Preference shares make less noise than their boisterous cousin, ordinary shares. So, if you believe in peaceful coexistence, owning preference shares may be a good choice. But let us first find out what makes preference shares different from equity and bonds. Maybe Jinny and Johnny can help us.
Jinny: Hi, Johnny! Why are you so silent today?
Johnny: Something has been bothering me for a while.
Jinny: You can always share your thoughts with me.
Johnny: I was wondering how preference shares manage to slip in between the worlds of equity and bonds without making any noise.
Jinny: Preference shares, as the name suggests, are special kinds of shares. The holders of these shares enjoy fixed dividends on the profits of the firm. However, they do not enjoy voting rights like ordinary shareholders.
The payment of fixed dividends and absence of voting rights make preference shares look like debt instruments. But in the balance sheet of the firm, they are counted along with ordinary shares as equity of the firm. So, preference shares are part of the equity family although they are treated as first among equals when it comes to the dividend.
Illustration: Jayachandran / Mint
Ordinary shareholders have no special right to receive any dividend, though they enjoy full voting rights. They can receive dividend from the profit only after satisfying the claims of preference shareholders. Even then, the decision to pay dividend to ordinary shareholders rests entirely on the discretion of the firm. Even if the firm has surplus profit after paying preference shareholders, ordinary shareholders may not get any dividends if the firm decides to redeploy the profits for some other use. Preference shareholders, on the other hand, will continue to have an uninterrupted feast as long as the table is full.
Johnny: What if the firm isn’t making profits? How will it affect preference shareholders?
Jinny: The firm not making profits affects different kinds of preference shares differently. In the case of cumulative preference shares, all unpaid dividends get accumulated and have to be repaid in subsequent years. In the case of non-cumulative preference shares, any unpaid dividend in the year lapses thereafter, and the firm is under no obligation to repay past dividends out of future profits. In case dividends remain unpaid for a certain number of years, both cumulative and non-cumulative preference shareholders get voting rights. Here, you may notice the difference between a preference share and a debt instrument. Interest payments on all debt instruments have to be compulsorily made by the firm from its earnings before declaring profit. If it fails to do so, its creditors may start procedures for bankruptcy.
Johnny: What is the status of preference shareholders in case the firm goes bankrupt?
Jinny: In case of bankruptcy, preference shareholders have a better claim than ordinary shareholders. But, their claim is not as good as that of secured and unsecured creditors. Any assets of the firm in case of bankruptcy will be first used for meeting the claims of secured and unsecured creditors. Any surplus remaining will then go to preference shareholders. Ordinary shareholders are the last to get whatever is left on the table.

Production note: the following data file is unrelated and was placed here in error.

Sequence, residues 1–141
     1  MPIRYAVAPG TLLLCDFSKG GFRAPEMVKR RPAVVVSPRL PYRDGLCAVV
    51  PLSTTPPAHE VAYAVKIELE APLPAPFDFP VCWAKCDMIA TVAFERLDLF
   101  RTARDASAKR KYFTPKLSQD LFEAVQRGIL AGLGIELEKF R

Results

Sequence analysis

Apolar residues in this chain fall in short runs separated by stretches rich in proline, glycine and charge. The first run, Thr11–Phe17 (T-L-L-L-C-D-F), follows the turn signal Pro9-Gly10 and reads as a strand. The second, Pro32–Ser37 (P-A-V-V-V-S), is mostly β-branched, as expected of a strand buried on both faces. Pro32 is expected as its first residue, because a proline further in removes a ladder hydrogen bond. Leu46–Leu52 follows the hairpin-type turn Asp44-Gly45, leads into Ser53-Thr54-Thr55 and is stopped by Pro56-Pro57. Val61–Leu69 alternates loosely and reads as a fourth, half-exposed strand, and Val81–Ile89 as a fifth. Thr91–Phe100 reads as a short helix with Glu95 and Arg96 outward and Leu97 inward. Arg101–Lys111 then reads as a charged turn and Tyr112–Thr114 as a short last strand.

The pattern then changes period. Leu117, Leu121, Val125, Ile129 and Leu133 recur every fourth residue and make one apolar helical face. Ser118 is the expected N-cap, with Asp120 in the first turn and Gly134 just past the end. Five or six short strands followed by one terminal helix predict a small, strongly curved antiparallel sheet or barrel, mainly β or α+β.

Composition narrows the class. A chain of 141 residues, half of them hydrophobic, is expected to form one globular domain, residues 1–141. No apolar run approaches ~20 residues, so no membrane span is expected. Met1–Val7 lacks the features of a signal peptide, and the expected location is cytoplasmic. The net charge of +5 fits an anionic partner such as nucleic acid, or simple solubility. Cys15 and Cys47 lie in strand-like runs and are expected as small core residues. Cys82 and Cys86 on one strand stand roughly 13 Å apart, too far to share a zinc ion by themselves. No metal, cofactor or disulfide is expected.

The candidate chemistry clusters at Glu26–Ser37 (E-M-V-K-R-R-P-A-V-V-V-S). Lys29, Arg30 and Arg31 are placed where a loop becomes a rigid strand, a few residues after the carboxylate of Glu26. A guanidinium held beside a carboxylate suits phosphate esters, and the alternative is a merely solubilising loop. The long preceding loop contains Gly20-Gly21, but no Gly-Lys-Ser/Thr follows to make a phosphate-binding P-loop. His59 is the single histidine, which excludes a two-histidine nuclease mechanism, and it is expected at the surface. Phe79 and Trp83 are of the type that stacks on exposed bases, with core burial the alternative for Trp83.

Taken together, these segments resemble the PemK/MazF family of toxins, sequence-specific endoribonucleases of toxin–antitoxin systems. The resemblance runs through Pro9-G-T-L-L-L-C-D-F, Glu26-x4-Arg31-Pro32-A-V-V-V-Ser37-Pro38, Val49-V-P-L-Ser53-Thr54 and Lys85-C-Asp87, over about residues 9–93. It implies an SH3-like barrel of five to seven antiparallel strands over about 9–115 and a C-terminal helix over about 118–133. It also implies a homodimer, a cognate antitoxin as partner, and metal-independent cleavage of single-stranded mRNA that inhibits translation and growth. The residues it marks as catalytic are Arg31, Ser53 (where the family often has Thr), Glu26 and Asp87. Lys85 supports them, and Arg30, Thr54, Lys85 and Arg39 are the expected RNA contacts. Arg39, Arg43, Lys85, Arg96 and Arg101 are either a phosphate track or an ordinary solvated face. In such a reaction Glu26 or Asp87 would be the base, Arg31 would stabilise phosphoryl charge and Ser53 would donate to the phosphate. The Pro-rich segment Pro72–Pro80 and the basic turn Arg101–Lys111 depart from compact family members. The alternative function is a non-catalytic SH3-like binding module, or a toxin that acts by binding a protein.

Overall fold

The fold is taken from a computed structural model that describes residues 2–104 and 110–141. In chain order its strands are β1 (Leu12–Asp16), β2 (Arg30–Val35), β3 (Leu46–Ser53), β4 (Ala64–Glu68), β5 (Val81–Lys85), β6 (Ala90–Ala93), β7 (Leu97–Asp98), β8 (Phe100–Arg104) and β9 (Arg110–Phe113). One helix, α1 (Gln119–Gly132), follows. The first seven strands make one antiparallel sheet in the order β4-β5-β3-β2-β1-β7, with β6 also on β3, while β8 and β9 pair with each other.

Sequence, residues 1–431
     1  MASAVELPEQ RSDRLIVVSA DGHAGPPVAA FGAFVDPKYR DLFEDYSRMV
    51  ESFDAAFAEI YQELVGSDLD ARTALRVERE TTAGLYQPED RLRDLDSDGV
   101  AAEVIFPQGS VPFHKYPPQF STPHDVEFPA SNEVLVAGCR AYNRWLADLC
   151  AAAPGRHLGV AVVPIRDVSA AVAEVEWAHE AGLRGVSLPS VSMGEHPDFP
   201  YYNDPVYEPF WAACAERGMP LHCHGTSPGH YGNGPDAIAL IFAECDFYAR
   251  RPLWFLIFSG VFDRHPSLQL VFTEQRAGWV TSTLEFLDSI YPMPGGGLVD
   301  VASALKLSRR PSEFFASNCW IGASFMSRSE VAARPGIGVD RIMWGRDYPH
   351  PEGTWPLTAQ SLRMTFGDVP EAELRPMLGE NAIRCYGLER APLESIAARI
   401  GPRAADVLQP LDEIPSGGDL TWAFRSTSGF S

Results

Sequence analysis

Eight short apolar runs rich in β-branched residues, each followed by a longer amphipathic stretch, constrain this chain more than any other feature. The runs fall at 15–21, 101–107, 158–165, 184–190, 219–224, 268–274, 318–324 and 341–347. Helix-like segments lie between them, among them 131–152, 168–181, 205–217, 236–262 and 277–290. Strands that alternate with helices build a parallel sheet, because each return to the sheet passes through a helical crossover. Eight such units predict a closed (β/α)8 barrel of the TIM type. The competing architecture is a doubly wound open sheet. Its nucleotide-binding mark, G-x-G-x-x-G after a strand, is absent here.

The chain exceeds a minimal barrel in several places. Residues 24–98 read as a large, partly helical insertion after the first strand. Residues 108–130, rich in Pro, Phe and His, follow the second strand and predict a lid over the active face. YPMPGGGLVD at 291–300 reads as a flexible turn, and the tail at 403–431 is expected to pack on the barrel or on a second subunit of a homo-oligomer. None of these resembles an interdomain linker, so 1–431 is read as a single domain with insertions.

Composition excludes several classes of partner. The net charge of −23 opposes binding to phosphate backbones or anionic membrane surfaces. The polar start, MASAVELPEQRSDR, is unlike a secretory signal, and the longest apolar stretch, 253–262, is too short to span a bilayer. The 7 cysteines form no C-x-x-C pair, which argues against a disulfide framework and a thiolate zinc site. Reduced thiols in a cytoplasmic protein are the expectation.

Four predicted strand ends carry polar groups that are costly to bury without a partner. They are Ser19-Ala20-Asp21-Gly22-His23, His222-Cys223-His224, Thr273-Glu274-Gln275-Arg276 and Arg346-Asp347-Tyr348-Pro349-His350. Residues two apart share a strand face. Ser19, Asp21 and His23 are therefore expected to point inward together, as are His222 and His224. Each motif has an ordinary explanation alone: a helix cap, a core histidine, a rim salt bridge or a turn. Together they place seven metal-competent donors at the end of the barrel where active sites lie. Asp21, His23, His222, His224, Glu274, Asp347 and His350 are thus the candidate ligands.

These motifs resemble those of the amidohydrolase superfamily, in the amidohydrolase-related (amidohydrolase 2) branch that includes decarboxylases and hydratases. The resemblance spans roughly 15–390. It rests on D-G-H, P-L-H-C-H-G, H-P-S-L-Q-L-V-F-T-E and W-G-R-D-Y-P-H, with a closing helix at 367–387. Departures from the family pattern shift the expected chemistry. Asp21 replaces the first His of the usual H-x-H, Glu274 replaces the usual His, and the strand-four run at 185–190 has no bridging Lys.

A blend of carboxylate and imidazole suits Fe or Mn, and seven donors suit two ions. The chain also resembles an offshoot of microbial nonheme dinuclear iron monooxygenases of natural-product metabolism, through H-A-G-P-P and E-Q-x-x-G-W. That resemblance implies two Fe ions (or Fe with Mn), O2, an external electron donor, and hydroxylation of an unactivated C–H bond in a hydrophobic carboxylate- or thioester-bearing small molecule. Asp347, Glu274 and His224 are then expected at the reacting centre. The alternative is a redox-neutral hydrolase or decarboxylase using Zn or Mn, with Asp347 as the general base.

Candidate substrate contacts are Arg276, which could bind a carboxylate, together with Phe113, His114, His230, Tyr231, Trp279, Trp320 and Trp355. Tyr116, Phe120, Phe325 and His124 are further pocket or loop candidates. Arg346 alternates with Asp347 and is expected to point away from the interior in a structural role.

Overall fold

Johnny: Last to get dividend, last to get assets. Then what is the advantage of subscribing to ordinary shares?
Jinny: Ordinary shareholders enjoy capital appreciation on their investments, which neither creditors nor preference shareholders do. If the firm discovers a gold mine, the ordinary shareholders would be the ones taking home capital appreciation. An ordinary share of Rs10 face value listed on a stock exchange may appreciate to Rs100, giving 10 times appreciation of value to its owner.
Preference shares are not listed on the stock exchange, and so you may not hear much about their existence. Preference shareholders and creditors have to remain satisfied with whatever dividend or interest they are earning on their investment. When you’ve purchased tickets for a limited meal, you should not feel jealous when your neighbour is having an unlimited feast.
Johnny: What else do I need to know about preference shares?
Jinny: There are a few more things: A redeemable preference share can be redeemed at its face value after a certain number of years at the option of the firm. A convertible preference share can be converted into ordinary shares after a few years at a predetermined price. Now, that sounds fantastic. You can enjoy fixed income for a few years and then enjoy all the fun of ordinary shares that you’d missed before. There is another class of preference shares—participating preference shares—in which, apart from getting fixed dividend, you also get the opportunity of getting additional divided if ordinary shareholders receive dividend above a stated amount.
Johnny: That sounds great. It is always better to have a second serving at a feast.
What:Preference shareholders enjoy fixed dividend but no voting rights.When: In case dividend remains unpaid for a certain number of years, both cumulative and non-cumulative preference shareholders get voting rights.Who: Preference shareholders have a better claim than ordinary shareholders on the assets of the company in case the company goes bankrupt.
Shailaja and Manoj K. Singh have important day jobs with an important bank. But Jinny and Johnny have plenty of time for your suggestions and ideas for their weekly chat. You can write to both of them at firstname.lastname@example.org